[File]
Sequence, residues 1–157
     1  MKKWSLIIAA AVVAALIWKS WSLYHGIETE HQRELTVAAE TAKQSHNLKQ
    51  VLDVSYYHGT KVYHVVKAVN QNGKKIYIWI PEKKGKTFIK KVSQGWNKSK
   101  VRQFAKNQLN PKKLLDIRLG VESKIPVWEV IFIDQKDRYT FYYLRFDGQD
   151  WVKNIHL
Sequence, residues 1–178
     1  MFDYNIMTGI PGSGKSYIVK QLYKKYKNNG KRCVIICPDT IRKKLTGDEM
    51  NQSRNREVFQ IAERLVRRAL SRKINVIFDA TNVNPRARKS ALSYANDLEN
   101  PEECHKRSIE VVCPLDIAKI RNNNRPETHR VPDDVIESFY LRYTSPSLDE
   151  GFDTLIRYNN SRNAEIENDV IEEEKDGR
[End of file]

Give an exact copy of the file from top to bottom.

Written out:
Sequence, residues 1–157
     1  MKKWSLIIAA AVVAALIWKS WSLYHGIETE HQRELTVAAE TAKQSHNLKQ
    51  VLDVSYYHGT KVYHVVKAVN QNGKKIYIWI PEKKGKTFIK KVSQGWNKSK
   101  VRQFAKNQLN PKKLLDIRLG VESKIPVWEV IFIDQKDRYT FYYLRFDGQD
   151  WVKNIHL
Sequence, residues 1–178
     1  MFDYNIMTGI PGSGKSYIVK QLYKKYKNNG KRCVIICPDT IRKKLTGDEM
    51  NQSRNREVFQ IAERLVRRAL SRKINVIFDA TNVNPRARKS ALSYANDLEN
   101  PEECHKRSIE VVCPLDIAKI RNNNRPETHR VPDDVIESFY LRYTSPSLDE
   151  GFDTLIRYNN SRNAEIENDV IEEEKDGR